7 Things You’ll Discover When You Follow Your Passion

Why should you follow your passion? Why should you find something you love? Why does it all matter?

In this episode, I’ll share the 7 deep discoveries you’ll make while following your passion and why it’s important that you do!

Listen to the episode below:


Transcript

Doing what you love is an art in itself. If you can bring that level of focus, willpower, and drive to your passion, it’s a wonderful yet bittersweet ride.

As you go through the process of finding your voice for the first time, slowly build up the belief and create some of your best and some of your worst work, you discover a number of things — good and bad.

I’m sure you’ve heard this before:

“The journey is more important than the destination.”

That phrase seems to downplay the importance of the destination to being zero, but once you start on your journey, when you start following your passion, when you go from trying to find meaning in life to finding meaning in life, you make discoveries about this process and the true meaning of that phrase.

These will be unique to you, as is all experience, and only you can do this journey for you.

Here are the 7 deep discoveries that you’ll make on this road. These are the reasons why you you must follow your passion.

1. You’ll Discover The Strength To Face Your Deepest Fears

Between fight or flight, flight almost always wins as it is the easiest thing to do. We can have a number of fears, but we would rather keep them inside and locked away, never quite gaining the courage to facing them head on.

And why would we — after all, running away seems to be the simplest way of dealing with them.

Your journey will make you face these fears.

All fears are in your head, and when you are creating, they will be front and center. No good work gets done unless you’ve resolved those fears, because all fears seek closure, a complete reassurance that everything will be alright.

Sometimes, your fears will help you create. Your work — whether it is art or something else — will reflect those fears, those boundaries which you don’t wish to cross. Other times, you will simply come to terms with a particular fear while you are working on your passion.

The fear of failure is a friendly devil here — it’s easily recognizable and accepts defeat easily.

Your deepest fears are fears you don’t even think about, locked away by the mind, never to be recalled.

Your deepest fear is your sadness. The sadness of having lost someone or something is truly a fear of never being able to have that experience, feeling and emotion again. Your deepest fear is that sadness you will feel if you lose someone or something today.

You’ll start to see them as just another part of life and a deep hope will fill you, and you’ll cleanse your mind of the fears that were binding it for so long.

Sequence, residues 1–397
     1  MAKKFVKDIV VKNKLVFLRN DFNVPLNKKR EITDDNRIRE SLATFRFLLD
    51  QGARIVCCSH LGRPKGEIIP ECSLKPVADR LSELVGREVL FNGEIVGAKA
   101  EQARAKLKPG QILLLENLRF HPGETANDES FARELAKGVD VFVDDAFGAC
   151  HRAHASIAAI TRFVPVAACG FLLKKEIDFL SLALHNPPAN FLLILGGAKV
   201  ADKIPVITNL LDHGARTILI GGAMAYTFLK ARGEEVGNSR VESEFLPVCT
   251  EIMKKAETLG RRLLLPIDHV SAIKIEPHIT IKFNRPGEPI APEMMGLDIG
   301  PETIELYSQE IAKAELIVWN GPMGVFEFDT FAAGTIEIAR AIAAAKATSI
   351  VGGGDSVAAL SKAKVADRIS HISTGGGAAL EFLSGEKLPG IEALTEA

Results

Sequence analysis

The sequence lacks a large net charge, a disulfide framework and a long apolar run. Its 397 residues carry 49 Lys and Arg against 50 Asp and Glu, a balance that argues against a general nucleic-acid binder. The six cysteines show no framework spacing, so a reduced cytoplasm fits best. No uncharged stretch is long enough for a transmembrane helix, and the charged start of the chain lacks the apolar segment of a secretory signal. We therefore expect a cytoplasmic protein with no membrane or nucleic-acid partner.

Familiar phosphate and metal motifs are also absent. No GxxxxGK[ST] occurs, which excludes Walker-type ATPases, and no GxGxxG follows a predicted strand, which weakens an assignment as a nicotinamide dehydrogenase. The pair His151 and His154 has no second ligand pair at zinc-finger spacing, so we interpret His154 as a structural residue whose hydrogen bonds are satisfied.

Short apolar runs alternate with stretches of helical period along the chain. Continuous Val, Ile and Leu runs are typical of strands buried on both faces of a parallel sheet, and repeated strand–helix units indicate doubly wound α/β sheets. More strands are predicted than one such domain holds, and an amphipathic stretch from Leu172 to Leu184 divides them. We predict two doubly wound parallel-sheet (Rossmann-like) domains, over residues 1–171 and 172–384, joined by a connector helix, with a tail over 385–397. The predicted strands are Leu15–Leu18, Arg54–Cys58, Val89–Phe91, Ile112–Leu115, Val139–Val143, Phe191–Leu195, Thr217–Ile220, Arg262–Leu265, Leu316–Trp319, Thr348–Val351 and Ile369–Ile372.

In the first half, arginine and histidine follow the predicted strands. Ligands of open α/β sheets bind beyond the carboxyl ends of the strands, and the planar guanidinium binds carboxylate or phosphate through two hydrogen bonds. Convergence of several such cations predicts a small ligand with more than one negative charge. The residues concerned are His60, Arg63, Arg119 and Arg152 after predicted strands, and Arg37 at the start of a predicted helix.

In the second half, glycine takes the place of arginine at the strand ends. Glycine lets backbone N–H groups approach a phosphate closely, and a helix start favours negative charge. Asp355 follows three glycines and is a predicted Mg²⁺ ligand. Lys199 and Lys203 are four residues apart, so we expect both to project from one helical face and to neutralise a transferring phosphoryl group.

2. You’ll Find Your Deepest Joy

Just like finding and facing your deepest fears, you’ll also find your deepest joy. This isn’t happiness, because happiness is fleeting and doesn’t stay for too long.

Your joy, however, is as real as those fears and also as powerful.

But, there’s a reason this only happens after you’ve faced your fears first. Why? Because our fears stop us from truly enjoying our ride, and where the fences of fear end is where the serene, quiet, rustic ranch of joy begins.

Think of this joy as the fun you can have on a Big Ferris Wheel. As a child, when you first go on the ride, it’s scary. Scary to a point where you’ll cry and beg to not be taken on it. You don’t see any merit in why it is something you should put yourself through and “just for kicks” isn’t a concept you know or would understand.

You’re propped up onto the seat nonetheless, and then begins the scream-fest.

For the first few rounds, you keep your eyes shut. And it begins to feel slightly fun. Then, a few rounds later, you start to keep your eyes open, you begin to not only face but actually accept that fear. Now it’s called “thrill” and you are finally able to enjoy the ride.

All the joys of life lie beyond their respective fears.

As you are living your passion, you’ll run into various fears that you have and as you face them, they’ll reward you with your deepest joy. You’ll reach a place where just doing what you love will be enough and nothing else would matter.

But, going back to the Ferris Wheel, you probably already know how boring it gets after you’ve done it a few times. There comes a point where you’ve faced your fear enough for it to not matter at all, and so it stops bringing you any joy. This is where you try new things, new rides at the carnival that look super weird and against the laws of physics.

This is where many artists become boring, because they go back to the fear of failure and the ride stops being joyful for them. That shows up in the art they create — more of the same. If you choose fear again though, try new things, you’ll find your joy again.

3. You’ll Experience The Deepest Peace

In the movie, The Walk, Philippe Petit walks on a wire between the two towers of the World Trade Center in New York City. It was his penultimate performance — it was crazy, thrilling, fear-inducing and awesome all at the same time.

There were many lessons about friendship, courage, raw gumption and passion that you could take away from it.

Throughout the actual walk, Philippe goes through a flurry of emotions: fear, joy, doubt, pride.

The one feeling that stands out though is when Phillipe looks down at the audience — something a wire walker would never do — and he feels… peaceful.

Just a serene, simple peace.

This is something that anyone who’s worked on something passionately will talk to you about. They may call it “flow” or that time has no meaning, or that they get “lost” in what they’re doing.

But, ultimately, it’s this state of peace that they can experience when they are not just following, but living their passion.

As you start understanding your fears and finding your joys, you will begin to reach a state of peace and calm. Your journey to follow your passion will help you glimpse this state over and over, and this is what makes people keep coming back to doing what they love again and again.

This is where you discover that you actually love what you are doing and transition into truly doing what you love.

What I’m saying may come across as a play of words, and it is, because this peace or content or stillness is the closest you will get to being you — the pure consciousness that you are.

This you is not bound by religion or the misunderstood new-age spirituality that hogs all the space in the “self-improvement” section at the bookstore. As you follow your passion, and do your art and get better at it, you’ll find that you may be getting better at your art over time but you — the awareness, the being doing the doing — stays the same.